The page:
“I am very interested in Gigi Reyes and Ruby Tuason. Shouldn’t they be called? Let’s see if they were willing to talk or will they also be invoking their right against self-incrimination or their right to remain silent?” De Lima told reporters in an ambush interview.

She was referring to lawyer Lucille Jessica “Gigi” Reyes, former chief of staff of Enrile, and Ruby Chan Tuason, whose principal is unknown.

Aside from Reyes and Tuason, other members of the senatorial staff being investigated for alleged involvement in the PDAF scam include Revilla’s chief political adviser Richard Cambe, Enrile’s deputy chief of staff Jose Antonio Evangelista and Estrada’s deputy chief of staff Pauline Labayen.

De Lima said her office was also preparing a course of action to compel Reyes, Tuason and former Agusan del Sur Rep. Rodolfo Plaza and former Technology Resource Center Director General Antonio Ortiz Jr. to show up at the investigation.

“I’m thinking of a remedy to put pressure on them so they’ll show up [at the investigation], so that they will return home. I’m studying intensively the Philippine Passport Act if we can use a proper group to have their passports canceled, even if they still can’t be strictly considered fugitives from justice,” she said.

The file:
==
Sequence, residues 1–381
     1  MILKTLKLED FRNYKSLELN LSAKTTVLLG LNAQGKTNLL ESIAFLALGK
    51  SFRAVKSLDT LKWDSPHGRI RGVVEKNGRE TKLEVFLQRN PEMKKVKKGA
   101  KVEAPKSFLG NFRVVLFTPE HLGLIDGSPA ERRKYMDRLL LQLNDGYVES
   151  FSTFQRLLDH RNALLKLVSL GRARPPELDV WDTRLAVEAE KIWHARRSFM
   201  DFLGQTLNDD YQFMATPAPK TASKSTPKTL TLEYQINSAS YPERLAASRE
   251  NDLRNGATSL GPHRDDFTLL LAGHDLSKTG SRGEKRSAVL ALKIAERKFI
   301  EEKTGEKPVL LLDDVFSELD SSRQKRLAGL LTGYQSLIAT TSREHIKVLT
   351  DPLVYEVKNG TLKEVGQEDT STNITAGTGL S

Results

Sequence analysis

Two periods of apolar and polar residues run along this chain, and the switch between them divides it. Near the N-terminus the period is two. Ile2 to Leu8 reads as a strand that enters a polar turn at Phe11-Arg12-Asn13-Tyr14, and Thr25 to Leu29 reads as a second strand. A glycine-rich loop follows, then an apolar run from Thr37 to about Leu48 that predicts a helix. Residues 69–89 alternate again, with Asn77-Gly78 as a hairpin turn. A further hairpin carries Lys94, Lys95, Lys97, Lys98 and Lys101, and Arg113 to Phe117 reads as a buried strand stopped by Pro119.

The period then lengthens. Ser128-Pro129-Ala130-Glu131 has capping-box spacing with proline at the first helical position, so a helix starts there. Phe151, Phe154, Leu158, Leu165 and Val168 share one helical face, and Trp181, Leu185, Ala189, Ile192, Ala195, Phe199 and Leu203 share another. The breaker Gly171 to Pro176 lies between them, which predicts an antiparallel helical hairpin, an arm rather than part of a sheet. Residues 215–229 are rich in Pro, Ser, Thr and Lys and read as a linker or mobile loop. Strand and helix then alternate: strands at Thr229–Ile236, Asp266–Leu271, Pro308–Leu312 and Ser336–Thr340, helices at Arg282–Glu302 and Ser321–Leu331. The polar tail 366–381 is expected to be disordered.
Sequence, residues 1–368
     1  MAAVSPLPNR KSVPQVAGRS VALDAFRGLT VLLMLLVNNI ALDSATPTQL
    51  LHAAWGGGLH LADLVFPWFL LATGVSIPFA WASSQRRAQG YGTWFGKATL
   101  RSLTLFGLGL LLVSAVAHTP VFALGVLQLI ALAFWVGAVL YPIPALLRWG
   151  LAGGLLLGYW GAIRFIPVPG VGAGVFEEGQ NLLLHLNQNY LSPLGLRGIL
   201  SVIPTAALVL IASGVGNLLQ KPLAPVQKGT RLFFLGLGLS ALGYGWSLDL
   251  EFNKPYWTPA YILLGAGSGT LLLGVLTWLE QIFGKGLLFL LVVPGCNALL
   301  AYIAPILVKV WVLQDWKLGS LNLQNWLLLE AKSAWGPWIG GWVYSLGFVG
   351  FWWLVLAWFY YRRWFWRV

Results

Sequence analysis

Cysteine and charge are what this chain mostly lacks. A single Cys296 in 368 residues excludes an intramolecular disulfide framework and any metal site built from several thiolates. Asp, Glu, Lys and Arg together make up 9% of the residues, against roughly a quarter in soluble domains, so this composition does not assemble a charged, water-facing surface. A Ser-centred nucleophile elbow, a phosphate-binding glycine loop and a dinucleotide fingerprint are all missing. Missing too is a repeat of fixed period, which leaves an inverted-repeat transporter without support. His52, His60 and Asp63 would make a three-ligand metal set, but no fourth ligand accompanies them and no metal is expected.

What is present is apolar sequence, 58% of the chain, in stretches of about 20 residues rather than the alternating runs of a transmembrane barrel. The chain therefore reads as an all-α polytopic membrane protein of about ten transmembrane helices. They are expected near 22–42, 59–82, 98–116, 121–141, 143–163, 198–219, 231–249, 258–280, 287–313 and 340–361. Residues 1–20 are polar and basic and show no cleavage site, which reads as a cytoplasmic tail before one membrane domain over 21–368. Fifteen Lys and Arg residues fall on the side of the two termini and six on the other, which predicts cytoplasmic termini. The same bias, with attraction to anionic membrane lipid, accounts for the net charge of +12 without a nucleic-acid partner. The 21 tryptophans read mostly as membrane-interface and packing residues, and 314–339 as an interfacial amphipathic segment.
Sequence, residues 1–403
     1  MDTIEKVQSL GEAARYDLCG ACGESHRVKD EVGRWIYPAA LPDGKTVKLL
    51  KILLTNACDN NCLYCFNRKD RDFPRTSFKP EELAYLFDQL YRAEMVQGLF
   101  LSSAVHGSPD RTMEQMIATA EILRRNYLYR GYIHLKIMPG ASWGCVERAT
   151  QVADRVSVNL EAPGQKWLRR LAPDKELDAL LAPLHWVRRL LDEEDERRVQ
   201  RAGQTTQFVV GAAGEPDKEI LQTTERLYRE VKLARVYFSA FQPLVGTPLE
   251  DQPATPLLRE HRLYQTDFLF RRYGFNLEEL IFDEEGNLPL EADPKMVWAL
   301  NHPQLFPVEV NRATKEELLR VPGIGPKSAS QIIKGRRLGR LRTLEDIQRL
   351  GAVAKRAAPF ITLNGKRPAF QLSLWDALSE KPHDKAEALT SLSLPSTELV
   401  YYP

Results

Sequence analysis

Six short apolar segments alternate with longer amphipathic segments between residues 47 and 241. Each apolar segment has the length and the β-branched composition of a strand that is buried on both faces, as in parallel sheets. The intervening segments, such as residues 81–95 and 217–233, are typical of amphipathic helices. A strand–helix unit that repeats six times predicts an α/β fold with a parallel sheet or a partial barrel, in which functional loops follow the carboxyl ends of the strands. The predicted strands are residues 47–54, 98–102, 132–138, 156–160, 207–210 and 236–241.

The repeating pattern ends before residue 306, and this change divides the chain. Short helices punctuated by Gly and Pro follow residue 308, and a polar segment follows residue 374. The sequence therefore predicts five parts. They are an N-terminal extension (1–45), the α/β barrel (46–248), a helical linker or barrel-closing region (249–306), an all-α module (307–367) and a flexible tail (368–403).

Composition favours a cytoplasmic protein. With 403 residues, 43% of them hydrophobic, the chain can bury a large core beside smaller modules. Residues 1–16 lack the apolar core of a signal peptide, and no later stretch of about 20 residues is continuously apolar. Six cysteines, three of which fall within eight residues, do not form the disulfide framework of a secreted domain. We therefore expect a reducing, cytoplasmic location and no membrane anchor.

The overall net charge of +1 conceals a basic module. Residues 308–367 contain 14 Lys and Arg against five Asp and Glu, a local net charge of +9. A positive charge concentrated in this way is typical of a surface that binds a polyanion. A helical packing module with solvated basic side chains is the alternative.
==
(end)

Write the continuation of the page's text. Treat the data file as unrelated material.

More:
All four left the country either in August or September.

De Lima, who was again asked by reporters for her reaction to the Senate’s issuance of a subpoena to Napoles, expressed opposition to her being made state witness should she decide to tell senators what she knew about the scam.

“I hope the Senate will not think of giving immunity to Mrs. Napoles because it will affect the proceedings before the Office of the Ombudsman (which is investigating the first batch of PDAF cases filed by the NBI),” she said.—With a report from Leila B. Salaverria

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TAGS: Alan Peter Cayetano, Aquilino Pimentel III, blue ribbon committee, Janet Lim Napoles, Leila de Lima, pork barrel scam, Senate hearing, Teofisto Guingona III